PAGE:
NRS 244.245: "1. No person shall sue a county in any case for any demand, unless he shall first present his claim or demand to the board of county commissioners and the county auditor for allowance and approval, and if they fail or refuse to allow the same, or some part thereof, the person feeling aggrieved may sue the county.
"2. If the party suing recover in the action more than the board allowed, or offered to allow, the board and the county auditor shall allow the amount of the judgment and costs as a just claim against the county. If the party suing shall not recover more than the board and the county auditor shall have offered to allow him, then costs shall be recovered against him by the county, and may be deducted from the demand."
NRS 244.250: "1. All unaudited claims or accounts against any county shall be presented to the board of county commissioners within 6 months from the time such claims or accounts become due or payable.
"2. No claim or account against any county shall be audited, allowed or paid by the board of county commissioners, or any other officer of the county, unless the provisions of subsection 1 are strictly complied with."
In this appeal it is contended that the district court erred (1) in granting summary judgment in favor of Clark County and its hospital; (2) in dismissing the complaint against Jack Staggs as administrator of Southern Nevada Memorial Hospital; and (3) in giving certain instructions to the jury.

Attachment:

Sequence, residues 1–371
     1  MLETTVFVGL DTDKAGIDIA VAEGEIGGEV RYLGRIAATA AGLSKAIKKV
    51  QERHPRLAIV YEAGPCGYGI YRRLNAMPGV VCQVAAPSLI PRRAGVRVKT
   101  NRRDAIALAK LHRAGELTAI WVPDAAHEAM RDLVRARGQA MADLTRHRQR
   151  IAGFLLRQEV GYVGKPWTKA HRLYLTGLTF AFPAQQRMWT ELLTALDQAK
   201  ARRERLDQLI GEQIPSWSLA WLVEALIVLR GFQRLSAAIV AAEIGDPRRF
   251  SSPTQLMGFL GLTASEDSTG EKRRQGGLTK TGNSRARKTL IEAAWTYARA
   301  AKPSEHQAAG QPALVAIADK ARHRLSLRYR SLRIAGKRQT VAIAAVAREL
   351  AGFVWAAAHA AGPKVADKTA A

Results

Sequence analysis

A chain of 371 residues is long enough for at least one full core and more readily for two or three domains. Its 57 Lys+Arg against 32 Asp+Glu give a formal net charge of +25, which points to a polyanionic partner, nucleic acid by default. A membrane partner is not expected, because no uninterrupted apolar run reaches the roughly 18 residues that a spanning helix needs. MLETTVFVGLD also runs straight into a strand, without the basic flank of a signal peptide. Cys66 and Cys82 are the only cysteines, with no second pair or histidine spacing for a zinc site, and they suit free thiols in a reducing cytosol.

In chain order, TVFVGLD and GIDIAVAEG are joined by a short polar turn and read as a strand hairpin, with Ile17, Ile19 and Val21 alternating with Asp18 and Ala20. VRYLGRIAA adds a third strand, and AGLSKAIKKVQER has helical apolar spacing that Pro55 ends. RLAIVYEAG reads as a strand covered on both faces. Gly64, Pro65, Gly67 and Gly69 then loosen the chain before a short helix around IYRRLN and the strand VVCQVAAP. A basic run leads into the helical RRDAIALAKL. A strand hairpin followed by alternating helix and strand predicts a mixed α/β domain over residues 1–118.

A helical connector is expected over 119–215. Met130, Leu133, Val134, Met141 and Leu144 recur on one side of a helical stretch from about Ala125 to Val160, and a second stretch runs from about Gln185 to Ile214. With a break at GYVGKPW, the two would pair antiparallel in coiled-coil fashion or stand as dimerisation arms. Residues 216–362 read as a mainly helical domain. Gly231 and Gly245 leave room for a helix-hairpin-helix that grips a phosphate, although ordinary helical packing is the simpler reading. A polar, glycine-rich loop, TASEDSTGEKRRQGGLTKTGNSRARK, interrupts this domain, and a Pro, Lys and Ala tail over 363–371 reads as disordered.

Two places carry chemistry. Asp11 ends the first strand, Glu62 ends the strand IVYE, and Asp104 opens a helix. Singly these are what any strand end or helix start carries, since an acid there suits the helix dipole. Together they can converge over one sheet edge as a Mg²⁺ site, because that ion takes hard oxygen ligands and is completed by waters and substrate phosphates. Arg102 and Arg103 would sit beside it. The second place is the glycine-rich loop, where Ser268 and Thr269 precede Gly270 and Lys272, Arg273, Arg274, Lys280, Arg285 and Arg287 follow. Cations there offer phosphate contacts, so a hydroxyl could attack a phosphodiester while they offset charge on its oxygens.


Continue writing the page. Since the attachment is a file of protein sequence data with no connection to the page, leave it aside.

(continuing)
In Hughey v. Washoe County, 73 Nev. 22, 306 P.2d 1115 (1957), this court held that a county is the party legally responsible for the obligations of a county hospital. Under the doctrine of respondeat superior, it would appear that dismissal of the complaint against Jack Staggs, Administrator of the Southern Nevada Memorial Hospital, was proper.
1. We cannot consider issues 2 and 3 because we have not been favored with a transcript of the proceedings in the district court, nor has the appellant submitted a settled and approved statement of the evidence or proceedings. NRCP 75(n).
2. We direct our attention to the summary judgment. The claim against Clark County was not filed until 13 months had elapsed after the death of Barbara Adams. NRS 244.250 requires that a claim against a county must be filed within 6 months after a cause of action arises.
In Barney v. County of Clark, 80 Nev. 104, 389 P.2d 392 (1964), this court held that the timely filing of a claim was a condition precedent to the commencement of an action against a county. Barney relied upon the reasoning in Artukovich v. Astendorf, 131 P.2d 831 (Cal. 1942). Artukovich in turn relied in part on the principle that neither the state nor any of its political subdivisions may be sued in the absence of specific statutory permission. In 1965 the State of Nevada, acting through its legislature, waived its immunity from liability and action and consented to have its liability determined in accordance with the same rules of law as are applied to civil actions against individuals and corporations. Stats. of Nev. 1965, ch. 505, p. 1413, codified as NRS 41.031. Furthermore the enactment placed all political subdivisions in a similar position. NRS 41.031.